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NPNF2-10. Ambrose: Selected Works and Letters
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Chapter VIII.

The word “Duty” has been often used both by philosophers and in the holy Scriptures; from whence it is derived.

25. Since, therefore, the person concerned is one fit to write on the Duties, let us see whether the subject itself stands on the same ground, and whether this word is suitable only to the schools of the philosophers, or is also to be found in the sacred Scriptures. Beautifully has the Holy Spirit, as it happens, brought before us a passage in reading the Gospel to-day, as though He would urge us to write; whereby we are confirmed in our view, that the word officium, “duty,” may also be used with us. For when Zacharias the priest was struck dumb in the temple, and could not speak, it is said: “And it came to pass that as soon as the days of his duty [officii] were accomplished, he departed to his own house.”6060    Luke i. 23. The Vulgate has officii; the Greek text reads: τῆς λειτουργίας. We read, therefore, that the word officium, “duty,” can be used by us.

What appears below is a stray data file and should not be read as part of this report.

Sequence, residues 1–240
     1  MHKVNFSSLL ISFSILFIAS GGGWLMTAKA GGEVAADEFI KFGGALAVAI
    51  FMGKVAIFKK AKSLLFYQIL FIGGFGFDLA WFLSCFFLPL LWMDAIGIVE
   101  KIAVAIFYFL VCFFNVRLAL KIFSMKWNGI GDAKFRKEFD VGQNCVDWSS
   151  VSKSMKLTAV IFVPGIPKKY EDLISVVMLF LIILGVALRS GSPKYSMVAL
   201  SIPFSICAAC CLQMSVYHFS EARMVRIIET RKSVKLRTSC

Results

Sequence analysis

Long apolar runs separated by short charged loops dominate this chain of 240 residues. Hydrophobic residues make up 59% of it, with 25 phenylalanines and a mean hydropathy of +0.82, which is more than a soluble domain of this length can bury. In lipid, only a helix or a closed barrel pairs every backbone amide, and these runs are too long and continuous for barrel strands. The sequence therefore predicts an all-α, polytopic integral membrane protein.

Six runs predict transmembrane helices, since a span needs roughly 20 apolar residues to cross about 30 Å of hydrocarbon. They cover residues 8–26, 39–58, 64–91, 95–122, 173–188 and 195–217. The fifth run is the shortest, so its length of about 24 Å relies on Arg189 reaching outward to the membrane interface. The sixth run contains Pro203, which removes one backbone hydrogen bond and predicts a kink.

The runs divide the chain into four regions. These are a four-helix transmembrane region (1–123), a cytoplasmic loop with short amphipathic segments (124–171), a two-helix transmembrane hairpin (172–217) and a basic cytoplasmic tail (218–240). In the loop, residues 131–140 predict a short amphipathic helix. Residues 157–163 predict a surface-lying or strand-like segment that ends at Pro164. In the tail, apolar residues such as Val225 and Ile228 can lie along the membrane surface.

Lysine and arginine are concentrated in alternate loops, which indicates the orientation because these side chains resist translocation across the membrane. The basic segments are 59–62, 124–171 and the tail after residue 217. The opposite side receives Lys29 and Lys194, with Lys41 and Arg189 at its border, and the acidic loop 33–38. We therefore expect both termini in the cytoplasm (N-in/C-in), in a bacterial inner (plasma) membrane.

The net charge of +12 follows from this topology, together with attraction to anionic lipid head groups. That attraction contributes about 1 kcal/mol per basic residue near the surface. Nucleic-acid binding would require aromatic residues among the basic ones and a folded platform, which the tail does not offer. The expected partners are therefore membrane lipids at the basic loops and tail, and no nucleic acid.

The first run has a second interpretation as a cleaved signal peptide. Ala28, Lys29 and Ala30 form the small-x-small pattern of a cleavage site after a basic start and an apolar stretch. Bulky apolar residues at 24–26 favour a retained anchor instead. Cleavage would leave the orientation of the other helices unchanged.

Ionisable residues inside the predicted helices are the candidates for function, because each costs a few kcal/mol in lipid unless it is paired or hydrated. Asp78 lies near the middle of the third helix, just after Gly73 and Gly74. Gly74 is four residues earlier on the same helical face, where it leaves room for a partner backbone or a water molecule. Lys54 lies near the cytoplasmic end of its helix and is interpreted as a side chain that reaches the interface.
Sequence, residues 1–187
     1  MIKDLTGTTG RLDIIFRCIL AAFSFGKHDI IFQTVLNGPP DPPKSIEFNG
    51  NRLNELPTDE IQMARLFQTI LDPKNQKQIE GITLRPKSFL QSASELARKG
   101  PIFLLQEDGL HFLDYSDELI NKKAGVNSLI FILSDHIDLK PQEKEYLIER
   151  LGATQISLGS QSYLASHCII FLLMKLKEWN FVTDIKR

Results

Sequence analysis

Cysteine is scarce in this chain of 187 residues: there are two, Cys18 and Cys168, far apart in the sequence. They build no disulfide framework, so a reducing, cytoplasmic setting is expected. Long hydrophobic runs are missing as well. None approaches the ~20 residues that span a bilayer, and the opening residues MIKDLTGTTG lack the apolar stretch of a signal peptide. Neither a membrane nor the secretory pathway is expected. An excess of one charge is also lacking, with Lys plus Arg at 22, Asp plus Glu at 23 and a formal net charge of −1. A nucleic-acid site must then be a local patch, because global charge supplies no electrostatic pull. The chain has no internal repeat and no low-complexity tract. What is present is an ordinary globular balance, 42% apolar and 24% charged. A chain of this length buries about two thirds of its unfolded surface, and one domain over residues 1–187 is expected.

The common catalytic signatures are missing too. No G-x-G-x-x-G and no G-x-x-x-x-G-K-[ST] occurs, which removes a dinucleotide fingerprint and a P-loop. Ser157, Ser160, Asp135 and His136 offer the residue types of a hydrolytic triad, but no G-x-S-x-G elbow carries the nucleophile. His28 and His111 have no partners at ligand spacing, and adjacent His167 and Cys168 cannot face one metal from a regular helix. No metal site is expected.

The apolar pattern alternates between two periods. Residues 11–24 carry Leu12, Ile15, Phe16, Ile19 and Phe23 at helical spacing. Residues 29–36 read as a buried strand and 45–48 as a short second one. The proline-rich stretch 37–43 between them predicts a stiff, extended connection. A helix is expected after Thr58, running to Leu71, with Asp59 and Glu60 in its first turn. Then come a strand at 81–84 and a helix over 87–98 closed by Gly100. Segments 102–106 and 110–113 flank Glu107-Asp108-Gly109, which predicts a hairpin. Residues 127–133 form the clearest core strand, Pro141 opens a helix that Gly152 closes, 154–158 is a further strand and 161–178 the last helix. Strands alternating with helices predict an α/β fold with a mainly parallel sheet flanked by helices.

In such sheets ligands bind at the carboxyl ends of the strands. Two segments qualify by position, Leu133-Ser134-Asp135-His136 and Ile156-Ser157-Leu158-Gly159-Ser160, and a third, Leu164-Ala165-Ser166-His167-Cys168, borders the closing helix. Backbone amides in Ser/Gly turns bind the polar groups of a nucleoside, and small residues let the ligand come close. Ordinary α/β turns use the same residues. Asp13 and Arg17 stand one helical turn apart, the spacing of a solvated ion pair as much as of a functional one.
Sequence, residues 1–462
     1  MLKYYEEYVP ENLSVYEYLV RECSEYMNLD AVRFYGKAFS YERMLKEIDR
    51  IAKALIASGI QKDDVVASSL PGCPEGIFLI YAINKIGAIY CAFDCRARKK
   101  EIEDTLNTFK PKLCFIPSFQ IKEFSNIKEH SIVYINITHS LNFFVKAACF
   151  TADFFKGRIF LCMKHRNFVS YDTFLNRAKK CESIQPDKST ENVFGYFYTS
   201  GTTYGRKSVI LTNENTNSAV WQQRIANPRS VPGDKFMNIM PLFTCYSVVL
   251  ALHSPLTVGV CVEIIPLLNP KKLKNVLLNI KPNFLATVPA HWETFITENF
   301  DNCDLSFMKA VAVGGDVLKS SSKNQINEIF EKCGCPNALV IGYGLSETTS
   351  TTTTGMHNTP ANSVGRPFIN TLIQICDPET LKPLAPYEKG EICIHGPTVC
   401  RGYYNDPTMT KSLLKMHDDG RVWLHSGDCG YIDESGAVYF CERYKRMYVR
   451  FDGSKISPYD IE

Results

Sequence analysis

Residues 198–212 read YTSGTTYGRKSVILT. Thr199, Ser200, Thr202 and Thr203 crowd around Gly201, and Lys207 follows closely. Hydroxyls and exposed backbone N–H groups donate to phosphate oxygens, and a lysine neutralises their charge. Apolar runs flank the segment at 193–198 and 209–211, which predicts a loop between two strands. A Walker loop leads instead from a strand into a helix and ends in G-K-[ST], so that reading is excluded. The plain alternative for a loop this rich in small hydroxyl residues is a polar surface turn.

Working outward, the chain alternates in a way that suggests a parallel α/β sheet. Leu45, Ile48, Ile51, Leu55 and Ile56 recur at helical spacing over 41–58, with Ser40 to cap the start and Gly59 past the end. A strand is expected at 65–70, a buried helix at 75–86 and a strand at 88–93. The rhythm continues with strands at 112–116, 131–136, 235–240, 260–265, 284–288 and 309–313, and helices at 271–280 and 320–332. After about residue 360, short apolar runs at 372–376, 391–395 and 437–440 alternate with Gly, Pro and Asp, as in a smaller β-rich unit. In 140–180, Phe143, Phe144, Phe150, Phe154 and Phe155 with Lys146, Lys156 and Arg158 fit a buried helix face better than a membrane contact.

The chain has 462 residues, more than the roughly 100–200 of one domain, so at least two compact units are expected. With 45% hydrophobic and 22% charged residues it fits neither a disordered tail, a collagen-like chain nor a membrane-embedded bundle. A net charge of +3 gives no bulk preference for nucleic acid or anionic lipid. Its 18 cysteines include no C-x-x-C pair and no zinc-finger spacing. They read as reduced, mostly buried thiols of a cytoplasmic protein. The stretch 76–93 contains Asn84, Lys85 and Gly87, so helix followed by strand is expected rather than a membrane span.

26.6161    In this section it is impossible to give the point in a translation, but the passage does not affect the argument. The text runs as follows: “Nec ratio ipsa abhorret, quandoquidem officium ab efficiendo dictum putamus, quasi efficium: sed propter decorem sermonis una immutata litera, officium nuncupari, vel certe, ut ea agas quæ nulli officiant, prosint omnibus. And this is not inconsistent with reason, since we consider that the word officium (duty) is derived from efficere (to effect), and is formed with the change of one letter for the sake of euphony; or at any rate that you should do those things which injure [officiant] no one, but benefit all.


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